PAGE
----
A Toddler’s Need To Cry (One Parent’s Lesson)

This short story perfectly illustrates the value of waiting before reacting when a child is upset, allowing the child her feelings as we seek to understand rather than “quick-fixing”. As adults, we need room to express our feelings so that we can release them and move on. Children are no different. This observant mom’s experience also reflects the natural tendency we all have to project about the feelings and needs of infants and toddlers. Enjoy…and let’s discuss!

Hi Janet,

I have recently been introduced to your blog, and from there have checked out Magda Gerber’s Your Self-Confident Baby from our library. I am discovering that while I don’t agree with everything Magda says, for the most part this is how I have been raising my children. It has been helpful to me in some areas where I was needing direction, and confirmation in areas where we do things ‘different’ than other parents we know. I think out of all the parenting books I’ve read in the last four years, this is one of the only ones that I would buy and recommend to others.

I just wanted to share an interesting example from our playgroup yesterday…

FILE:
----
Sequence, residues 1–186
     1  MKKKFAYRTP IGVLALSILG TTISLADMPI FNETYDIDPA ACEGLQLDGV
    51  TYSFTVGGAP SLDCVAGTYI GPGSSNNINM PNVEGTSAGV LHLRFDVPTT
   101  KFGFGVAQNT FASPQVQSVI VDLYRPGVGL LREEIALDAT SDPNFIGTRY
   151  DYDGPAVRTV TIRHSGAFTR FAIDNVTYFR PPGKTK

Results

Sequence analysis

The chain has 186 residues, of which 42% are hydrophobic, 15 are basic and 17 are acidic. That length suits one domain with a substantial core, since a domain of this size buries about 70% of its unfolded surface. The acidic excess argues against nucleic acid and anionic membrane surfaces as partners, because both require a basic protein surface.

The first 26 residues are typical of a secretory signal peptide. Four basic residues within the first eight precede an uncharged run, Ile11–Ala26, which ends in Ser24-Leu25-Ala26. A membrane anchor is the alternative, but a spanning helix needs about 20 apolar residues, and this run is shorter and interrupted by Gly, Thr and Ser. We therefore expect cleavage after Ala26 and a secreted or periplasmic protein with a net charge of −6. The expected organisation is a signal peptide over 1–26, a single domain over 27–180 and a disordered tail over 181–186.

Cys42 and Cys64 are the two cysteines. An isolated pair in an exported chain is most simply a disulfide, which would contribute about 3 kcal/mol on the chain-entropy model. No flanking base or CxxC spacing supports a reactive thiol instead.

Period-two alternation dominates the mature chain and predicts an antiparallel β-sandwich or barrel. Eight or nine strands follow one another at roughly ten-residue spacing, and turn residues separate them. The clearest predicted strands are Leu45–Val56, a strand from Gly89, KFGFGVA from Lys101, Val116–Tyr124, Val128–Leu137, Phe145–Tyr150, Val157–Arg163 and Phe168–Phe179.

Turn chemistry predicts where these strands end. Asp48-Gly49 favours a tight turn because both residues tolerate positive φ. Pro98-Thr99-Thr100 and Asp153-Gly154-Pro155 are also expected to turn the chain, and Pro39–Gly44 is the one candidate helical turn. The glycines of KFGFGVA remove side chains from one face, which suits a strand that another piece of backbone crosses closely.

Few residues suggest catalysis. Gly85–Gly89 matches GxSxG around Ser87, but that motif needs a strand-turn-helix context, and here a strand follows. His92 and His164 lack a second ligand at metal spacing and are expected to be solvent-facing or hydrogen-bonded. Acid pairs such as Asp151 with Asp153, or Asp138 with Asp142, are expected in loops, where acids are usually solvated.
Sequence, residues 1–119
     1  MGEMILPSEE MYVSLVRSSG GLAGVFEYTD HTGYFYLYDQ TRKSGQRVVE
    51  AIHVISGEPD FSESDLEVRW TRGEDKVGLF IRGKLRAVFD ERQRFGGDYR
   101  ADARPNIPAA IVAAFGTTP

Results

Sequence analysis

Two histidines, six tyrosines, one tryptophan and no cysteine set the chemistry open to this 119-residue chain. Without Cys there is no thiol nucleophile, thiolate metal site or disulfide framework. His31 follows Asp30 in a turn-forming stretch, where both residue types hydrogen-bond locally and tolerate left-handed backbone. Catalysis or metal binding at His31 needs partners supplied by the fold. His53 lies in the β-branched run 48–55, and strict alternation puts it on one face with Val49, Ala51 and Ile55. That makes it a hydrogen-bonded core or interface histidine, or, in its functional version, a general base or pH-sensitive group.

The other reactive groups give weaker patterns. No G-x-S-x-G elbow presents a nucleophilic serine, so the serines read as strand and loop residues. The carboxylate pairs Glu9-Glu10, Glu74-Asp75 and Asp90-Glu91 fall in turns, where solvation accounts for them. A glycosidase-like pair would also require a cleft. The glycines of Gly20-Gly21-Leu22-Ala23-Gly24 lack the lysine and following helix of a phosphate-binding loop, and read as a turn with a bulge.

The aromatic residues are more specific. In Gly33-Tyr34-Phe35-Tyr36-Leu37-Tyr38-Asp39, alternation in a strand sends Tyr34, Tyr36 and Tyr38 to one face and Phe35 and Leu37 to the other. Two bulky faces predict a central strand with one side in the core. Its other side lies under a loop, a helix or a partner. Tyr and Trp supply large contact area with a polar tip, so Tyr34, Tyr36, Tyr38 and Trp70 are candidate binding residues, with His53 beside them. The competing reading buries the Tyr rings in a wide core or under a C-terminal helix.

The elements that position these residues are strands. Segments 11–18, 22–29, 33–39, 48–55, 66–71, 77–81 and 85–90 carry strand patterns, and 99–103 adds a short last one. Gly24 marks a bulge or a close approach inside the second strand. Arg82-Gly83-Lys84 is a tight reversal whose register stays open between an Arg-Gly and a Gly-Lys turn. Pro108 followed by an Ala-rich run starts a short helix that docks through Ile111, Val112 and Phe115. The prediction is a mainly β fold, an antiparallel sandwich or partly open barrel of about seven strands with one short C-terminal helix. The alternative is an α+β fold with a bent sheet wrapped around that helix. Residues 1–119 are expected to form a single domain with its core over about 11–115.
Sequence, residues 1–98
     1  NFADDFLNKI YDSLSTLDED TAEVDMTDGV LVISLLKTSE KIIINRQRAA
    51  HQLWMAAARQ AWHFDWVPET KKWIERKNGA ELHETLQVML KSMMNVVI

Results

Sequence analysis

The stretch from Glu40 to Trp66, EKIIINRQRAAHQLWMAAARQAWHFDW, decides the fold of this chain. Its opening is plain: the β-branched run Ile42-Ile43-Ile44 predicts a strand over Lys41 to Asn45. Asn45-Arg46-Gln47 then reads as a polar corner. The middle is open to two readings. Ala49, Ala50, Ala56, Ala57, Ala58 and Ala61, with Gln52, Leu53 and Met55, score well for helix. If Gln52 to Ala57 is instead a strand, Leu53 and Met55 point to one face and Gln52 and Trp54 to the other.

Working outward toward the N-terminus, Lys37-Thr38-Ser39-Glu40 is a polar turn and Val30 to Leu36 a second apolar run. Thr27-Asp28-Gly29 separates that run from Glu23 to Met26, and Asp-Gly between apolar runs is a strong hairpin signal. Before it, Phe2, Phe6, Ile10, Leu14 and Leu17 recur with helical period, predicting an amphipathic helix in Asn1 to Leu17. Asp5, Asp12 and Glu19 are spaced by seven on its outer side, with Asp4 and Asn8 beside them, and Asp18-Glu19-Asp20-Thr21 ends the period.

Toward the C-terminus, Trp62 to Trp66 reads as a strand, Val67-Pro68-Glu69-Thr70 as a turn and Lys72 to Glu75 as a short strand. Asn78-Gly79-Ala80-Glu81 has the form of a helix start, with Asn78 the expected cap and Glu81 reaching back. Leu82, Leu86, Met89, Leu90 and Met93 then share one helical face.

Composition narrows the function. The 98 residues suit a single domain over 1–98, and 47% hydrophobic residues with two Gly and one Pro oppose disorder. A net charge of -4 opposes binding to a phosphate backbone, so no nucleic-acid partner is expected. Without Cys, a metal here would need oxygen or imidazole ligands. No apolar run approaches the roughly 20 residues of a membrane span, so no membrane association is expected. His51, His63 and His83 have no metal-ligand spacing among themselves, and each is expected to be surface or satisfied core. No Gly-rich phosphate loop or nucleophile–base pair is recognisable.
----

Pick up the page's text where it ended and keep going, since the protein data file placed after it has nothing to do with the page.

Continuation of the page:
I was in the baby room with our eight month old, and our two and a half year old came in. She sat down with a toy and started playing quietly with it. After a few moments a toddler about a year younger (but not much smaller) came over and took the toy. Verity (our toddler) burst into tears. I said something along the lines of, “Did she take the toy? She wanted to play with it, too,” and continued to sit and watch to see what she would do.

As she continued to cry, three or four other mothers in the area began bringing her toys to distract her. I didn’t say anything, curious to see what her reaction would be. She continued crying, even when after a few minutes the other toddler got tired of the toy and a ‘helpful’ mother gave it back to Verity. As I watched it all, I became aware that her cry was not just for the toy, but that she was also probably tired. I asked her, “Are you sad?” “Yes,” she responded. So I told her she could go rest on the couch if she wanted until she felt better. She did, and less than a minute later, she was off doing something else.